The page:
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And now the final details, the push button selectors. These nice NOS switches take a lot of work to install properly. It is not bad enough that the new 1/4'' front panel had to be perfectly drilled to fit the switches location. They also need to be precisely located to be actuated correctly. I used a small piece of aluminum L-shape to mount the switches in place. Nice and very rigid. I installed it on the sub mounting plate, then locate the holes to drill on the front plate from behind. The holes were then drilled. The final fit is very good.

There are two switches, one for MC/MM selection, the other for the Mute. In the MM position, the internal MC section and light supply is turn off, making a Standby Mode for the MC section, the rest of the preamp staying powered at all time. Simply push the Mute, than select MC to be in standby... The rear panel RCA PCB contains the needed relays to switch locally the MC and MM inputs, control the light supply and the Mute relay connected at the outputs. There is a 5V local supply on this PCB to further insulate the preamp supplied from the relays power-on clicks.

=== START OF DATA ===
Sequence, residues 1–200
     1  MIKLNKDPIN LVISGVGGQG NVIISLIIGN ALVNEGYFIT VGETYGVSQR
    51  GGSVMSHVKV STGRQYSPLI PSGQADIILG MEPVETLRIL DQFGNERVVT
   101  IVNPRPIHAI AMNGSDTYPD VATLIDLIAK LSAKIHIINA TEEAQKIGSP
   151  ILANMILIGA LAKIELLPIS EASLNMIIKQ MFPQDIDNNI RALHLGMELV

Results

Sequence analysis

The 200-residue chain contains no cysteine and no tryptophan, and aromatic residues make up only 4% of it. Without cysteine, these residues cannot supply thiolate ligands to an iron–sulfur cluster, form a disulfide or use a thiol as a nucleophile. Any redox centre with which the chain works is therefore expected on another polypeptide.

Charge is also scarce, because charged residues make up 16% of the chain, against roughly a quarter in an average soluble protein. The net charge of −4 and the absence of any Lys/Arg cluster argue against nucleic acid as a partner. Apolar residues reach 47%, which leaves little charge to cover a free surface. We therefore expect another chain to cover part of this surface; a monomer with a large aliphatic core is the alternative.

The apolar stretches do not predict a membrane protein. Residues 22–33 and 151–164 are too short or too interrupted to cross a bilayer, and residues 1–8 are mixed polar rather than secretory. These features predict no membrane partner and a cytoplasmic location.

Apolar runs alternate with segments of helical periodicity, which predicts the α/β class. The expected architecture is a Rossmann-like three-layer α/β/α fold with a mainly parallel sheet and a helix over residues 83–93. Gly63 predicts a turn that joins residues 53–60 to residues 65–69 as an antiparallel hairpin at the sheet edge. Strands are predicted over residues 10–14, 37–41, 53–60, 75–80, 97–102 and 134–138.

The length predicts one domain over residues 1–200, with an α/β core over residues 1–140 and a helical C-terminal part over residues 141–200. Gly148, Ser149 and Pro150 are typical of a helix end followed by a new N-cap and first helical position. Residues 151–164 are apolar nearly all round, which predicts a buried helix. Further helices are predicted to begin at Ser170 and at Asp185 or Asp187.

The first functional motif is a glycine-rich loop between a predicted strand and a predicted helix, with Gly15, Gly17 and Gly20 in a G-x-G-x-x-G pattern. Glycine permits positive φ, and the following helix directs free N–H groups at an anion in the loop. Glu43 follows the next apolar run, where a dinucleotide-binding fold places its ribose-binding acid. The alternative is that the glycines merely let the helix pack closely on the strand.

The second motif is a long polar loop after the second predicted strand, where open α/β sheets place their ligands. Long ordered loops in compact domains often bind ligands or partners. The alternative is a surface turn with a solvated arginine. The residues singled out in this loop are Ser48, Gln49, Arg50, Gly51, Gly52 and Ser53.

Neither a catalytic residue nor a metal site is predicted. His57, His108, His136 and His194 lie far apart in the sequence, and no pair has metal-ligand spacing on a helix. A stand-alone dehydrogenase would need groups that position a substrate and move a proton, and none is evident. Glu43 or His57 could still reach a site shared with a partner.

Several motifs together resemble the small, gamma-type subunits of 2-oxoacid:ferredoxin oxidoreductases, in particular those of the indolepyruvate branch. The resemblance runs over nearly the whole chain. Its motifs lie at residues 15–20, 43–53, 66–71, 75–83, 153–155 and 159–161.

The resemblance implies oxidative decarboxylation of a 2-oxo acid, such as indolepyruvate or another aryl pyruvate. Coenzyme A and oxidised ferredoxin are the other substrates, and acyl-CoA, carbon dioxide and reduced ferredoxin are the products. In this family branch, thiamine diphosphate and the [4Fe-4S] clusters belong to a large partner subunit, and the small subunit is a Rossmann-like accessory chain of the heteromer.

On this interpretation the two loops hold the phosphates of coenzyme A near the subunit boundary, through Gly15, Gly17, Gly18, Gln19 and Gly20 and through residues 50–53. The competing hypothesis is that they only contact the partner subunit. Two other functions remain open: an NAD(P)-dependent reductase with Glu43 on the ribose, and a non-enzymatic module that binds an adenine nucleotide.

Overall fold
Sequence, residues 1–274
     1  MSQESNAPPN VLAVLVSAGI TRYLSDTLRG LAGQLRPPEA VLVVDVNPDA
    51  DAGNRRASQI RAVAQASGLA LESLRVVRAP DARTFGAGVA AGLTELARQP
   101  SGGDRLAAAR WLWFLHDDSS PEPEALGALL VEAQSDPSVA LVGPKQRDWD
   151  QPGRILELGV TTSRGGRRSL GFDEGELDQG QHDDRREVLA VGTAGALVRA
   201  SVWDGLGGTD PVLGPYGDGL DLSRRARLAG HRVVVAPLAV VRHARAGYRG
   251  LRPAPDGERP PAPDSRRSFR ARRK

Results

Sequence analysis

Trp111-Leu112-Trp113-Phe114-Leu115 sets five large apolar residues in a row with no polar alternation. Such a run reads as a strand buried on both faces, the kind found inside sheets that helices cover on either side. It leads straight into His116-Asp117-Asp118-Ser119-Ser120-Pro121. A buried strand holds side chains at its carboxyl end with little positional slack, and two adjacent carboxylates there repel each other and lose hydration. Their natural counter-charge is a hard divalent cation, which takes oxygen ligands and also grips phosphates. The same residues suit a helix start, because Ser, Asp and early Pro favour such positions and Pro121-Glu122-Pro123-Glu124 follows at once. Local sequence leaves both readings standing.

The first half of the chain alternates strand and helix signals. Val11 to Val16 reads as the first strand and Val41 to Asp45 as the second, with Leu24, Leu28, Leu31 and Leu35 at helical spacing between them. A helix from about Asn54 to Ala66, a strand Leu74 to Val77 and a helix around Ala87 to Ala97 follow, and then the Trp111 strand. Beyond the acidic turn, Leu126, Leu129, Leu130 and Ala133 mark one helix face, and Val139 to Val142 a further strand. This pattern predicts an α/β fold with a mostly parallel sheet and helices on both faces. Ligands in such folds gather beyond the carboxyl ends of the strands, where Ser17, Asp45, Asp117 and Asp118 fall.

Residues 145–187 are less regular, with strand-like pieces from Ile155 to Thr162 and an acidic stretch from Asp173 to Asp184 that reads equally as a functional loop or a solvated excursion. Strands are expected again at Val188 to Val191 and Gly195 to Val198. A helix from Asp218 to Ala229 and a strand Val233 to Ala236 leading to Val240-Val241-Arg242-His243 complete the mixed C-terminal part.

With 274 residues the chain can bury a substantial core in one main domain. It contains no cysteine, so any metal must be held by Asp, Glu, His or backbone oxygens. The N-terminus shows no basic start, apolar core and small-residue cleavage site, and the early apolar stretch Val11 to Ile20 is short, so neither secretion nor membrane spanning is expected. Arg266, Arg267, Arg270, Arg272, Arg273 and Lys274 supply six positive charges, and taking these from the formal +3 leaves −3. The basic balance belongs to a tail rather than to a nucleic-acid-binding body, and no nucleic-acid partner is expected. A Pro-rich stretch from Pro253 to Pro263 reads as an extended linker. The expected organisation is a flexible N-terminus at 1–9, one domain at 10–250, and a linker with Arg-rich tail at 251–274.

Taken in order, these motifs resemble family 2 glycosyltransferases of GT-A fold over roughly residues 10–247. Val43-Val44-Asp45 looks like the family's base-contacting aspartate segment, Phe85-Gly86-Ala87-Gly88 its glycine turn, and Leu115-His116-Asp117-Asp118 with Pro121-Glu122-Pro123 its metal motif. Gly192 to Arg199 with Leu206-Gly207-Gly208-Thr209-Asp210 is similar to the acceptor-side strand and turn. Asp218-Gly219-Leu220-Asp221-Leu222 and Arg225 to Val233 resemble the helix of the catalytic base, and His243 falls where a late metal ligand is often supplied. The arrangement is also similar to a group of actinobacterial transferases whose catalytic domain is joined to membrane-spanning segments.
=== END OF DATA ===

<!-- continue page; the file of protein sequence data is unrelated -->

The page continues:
Attached Images
File Type: jpg SW_1.jpg (115.8 KB, 88 views)
File Type: jpg SW_2.jpg (140.7 KB, 74 views)
File Type: jpg Rear_PCB.jpg (178.2 KB, 72 views)
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Old 1st September 2012, 07:24 PM   #27
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and the led indicators... There are three front panel indicators:

-A center power-on red led supplies from one of the low noise supply, just after the rectifier and before the regulator...